State audit finds missing evidence, unsecured cash in various Utah police departments

Auditors found that out of the departments analyzed, five of the seven agencies had missing money, firearms, controlled substances or drug paraphernalia from their evidence lockers, according to the report.

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ALT LAKE CITY — A Utah State Auditor's Office report highlighted shortcomings in how many police departments store and manage their evidence.

The report, released to the public on Wednesday, analyzed the evidence organization practices of seven police agencies from across the state. Auditors also combed through the department's evidence lockers and released their findings.

None of the departments audited were named in the report.

Agencies selected for the report were done at random, but investigators were sure to include departments of varying sizes, according to Utah State Auditor John Dougall.

Auditors found that out of the departments analyzed, five of the seven agencies had missing money, firearms, controlled substances or drug paraphernalia from their evidence lockers, according to the report.

One department, which has a jurisdiction population of under 30,000 people and 20-30 full-time police officers, reported they had over 66 missing items from their evidence locker. Those items consist of money, firearms, controlled substances or drug paraphernalia; however the report did not specify the exact number of each type of item reported missing.

Auditors found that the items reported lost included heroin, cocaine, methamphetamine, money and a firearm. Officials at the departments surmised that the missing items were likely destroyed, disposed of, transferred to other agencies or returned to their owners.

However, the report notes that due to a lack of inventory records, investigators were unable to determine if the missing items were gone due to poor record keeping, theft or other reasons.

Other evidence was found to be marked as destroyed when it was actually in the evidence lockup, while other pieces of evidence were believed to be in an evidence lockup when it was actually destroyed.

The report comes less than a year after the lone evidence technician at the Weber County Sheriff's Office was fired and later charged with evidence tampering after she was found high on meth while on the job.

Candice Follum, 48, was charged on Aug. 21, 2018 with 20 counts of destroying or altering public records, a third-degree felony, and 20 counts of possession or use of a controlled substance, a class A misdemeanor. In October, she later pleaded guilty to all 40 counts.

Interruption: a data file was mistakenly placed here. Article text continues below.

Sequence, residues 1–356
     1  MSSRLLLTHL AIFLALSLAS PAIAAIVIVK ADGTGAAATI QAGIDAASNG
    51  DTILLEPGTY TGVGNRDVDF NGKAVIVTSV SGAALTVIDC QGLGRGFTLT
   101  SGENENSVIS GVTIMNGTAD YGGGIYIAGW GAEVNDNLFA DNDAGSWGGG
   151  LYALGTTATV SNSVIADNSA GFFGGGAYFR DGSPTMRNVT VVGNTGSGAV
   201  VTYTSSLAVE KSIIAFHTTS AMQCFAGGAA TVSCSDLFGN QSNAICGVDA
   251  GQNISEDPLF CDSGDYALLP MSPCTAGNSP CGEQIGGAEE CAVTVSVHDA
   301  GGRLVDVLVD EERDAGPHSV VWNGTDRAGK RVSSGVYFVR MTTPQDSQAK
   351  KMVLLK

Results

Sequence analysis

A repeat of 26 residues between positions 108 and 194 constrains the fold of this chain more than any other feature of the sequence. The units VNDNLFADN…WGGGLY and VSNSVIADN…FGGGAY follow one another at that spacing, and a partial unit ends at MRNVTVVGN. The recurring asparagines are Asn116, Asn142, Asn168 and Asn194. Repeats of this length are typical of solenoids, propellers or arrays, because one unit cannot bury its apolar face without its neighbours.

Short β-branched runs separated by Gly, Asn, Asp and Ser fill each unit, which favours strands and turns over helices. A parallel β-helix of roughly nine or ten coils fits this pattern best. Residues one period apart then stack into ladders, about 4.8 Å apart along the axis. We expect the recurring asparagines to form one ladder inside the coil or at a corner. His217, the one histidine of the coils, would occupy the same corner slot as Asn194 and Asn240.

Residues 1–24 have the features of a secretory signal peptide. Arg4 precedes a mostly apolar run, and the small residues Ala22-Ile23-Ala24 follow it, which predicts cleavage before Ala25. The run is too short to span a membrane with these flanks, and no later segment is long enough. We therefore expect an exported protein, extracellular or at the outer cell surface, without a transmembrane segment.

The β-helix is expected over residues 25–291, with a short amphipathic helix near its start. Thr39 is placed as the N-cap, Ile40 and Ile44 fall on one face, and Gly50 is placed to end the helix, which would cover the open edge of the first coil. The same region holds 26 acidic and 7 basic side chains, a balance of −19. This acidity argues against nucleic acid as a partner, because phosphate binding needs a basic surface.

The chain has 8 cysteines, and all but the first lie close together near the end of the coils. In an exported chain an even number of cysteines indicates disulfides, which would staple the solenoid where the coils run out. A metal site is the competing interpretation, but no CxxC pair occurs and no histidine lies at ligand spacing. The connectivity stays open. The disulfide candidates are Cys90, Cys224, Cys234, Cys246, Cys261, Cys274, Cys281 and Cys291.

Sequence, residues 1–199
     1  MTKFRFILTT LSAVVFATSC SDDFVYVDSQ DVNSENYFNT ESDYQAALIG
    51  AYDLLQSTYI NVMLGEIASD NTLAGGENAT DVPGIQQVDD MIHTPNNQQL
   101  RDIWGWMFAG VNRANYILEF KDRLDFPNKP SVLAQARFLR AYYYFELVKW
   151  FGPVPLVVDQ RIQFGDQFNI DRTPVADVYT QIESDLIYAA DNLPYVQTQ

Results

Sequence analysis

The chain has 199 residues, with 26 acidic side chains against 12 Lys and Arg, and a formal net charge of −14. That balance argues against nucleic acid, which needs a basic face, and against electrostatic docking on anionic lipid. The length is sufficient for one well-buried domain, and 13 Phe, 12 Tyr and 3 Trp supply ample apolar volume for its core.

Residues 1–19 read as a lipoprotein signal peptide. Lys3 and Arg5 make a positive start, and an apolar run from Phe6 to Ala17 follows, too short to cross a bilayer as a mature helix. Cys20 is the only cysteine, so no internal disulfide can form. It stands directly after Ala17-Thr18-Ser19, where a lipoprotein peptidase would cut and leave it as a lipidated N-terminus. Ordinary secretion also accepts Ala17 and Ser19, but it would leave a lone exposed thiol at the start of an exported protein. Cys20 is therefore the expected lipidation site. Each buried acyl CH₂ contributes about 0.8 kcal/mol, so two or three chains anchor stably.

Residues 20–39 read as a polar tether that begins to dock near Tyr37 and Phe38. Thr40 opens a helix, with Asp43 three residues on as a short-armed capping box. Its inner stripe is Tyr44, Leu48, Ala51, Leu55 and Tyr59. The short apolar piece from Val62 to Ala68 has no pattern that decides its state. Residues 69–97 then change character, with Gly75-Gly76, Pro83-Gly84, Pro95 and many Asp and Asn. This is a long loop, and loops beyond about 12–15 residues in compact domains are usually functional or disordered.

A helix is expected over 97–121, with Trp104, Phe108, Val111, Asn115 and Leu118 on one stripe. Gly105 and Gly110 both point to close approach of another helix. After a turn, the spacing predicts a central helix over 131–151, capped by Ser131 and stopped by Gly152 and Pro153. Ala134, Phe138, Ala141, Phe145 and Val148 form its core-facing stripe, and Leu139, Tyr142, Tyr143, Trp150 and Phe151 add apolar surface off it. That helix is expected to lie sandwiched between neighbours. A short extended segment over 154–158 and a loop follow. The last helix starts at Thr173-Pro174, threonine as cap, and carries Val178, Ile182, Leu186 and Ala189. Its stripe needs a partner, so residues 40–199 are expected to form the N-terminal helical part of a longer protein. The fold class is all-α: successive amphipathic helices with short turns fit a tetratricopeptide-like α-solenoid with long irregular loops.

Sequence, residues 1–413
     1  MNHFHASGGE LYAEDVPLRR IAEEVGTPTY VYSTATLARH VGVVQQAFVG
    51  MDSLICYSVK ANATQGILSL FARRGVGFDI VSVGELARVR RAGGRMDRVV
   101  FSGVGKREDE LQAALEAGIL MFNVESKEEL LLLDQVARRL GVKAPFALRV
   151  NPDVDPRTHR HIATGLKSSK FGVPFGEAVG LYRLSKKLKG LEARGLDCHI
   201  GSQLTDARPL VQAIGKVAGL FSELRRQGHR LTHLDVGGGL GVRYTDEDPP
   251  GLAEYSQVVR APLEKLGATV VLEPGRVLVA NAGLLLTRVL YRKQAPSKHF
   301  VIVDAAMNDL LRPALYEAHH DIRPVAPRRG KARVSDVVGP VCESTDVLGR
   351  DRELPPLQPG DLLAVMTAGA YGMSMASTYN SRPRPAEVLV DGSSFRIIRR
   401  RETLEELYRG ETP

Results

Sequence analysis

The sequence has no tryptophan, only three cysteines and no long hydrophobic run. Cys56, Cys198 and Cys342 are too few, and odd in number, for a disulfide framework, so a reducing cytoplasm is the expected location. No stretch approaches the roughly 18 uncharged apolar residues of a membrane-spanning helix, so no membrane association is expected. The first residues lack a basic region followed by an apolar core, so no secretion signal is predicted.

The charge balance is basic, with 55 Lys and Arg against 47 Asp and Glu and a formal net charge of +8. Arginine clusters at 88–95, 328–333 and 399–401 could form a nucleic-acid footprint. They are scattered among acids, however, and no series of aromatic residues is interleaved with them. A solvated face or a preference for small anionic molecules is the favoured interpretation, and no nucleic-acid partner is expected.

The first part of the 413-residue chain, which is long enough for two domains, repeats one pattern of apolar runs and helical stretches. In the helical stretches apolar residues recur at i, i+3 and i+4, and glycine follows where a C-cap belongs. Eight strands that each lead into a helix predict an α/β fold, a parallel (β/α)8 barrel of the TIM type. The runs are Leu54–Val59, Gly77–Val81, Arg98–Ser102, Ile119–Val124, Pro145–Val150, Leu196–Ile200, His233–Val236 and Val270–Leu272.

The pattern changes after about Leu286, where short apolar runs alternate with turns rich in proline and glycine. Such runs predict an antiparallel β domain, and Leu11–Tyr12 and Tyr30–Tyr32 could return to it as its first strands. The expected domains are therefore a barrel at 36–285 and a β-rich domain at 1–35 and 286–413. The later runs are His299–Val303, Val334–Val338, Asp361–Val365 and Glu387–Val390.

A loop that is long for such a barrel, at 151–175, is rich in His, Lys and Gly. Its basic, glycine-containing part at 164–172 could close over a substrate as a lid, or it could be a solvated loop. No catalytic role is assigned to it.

On Dec. 8, 2017, employees of the sheriff's office found Follum "under the influence" of methamphetamine while on duty in the evidence room, according to charging documents. She was suspended and later terminated from the department.

Utah State Auditor John Dougall said Wednesday afternoon that the audit of evidence lockers from around the state began months before Follum's arrest.

"This issue has been on our radar for some period of time," Dougall said.

The report went on to detail how departments had "inadequate controls" over how they stored evidence, and found "weak controls and, in some cases, a lack of controls over property storage." Auditors advised the agencies to regularly conduct full inventory inspections and implement multiple requirements before entering an evidence room.

Another topic in the report found that some agencies fail to properly deposit seized money. Two agencies audited were found to have $175,000 and $300,000 stored in their respective evidence rooms, and other agencies had money that had been in evidence for 10 years or more. Another agency reportedly didn't keep their seized money in a locked safe, and instead stored money in five cardboard boxes.

"We found that some sampled agencies are storing money in property rooms, delaying deposits for months or, in some cases, even years," the audit said.

Auditors also found that some agencies were not properly returning property to the rightful owners. The review indicates that most of the agencies audited, six out of the seven, destroy found property rather than returned to the finder if the property went unclaimed.

The review also found that most agencies do not issue receipts for property taken without a warrant, which is against state law. However, auditors found that all agencies analyzed did provide receipts if a search warrant was issued.

With each bullet point, the review gave suggestions to agencies for tighter security and additional oversight of their evidence lockups.

Dougall said that since their audit, some agencies have already began to make improvements based on his office's recommendations.

He went on to say that the state auditor's office currently has two ongoing audits regarding law enforcement agencies in the state, but could not elaborate further on what aspect or aspects were under audit.

However, Dougall did confirm that one of the ongoing audits stemmed from findings in the report released Wednesday.

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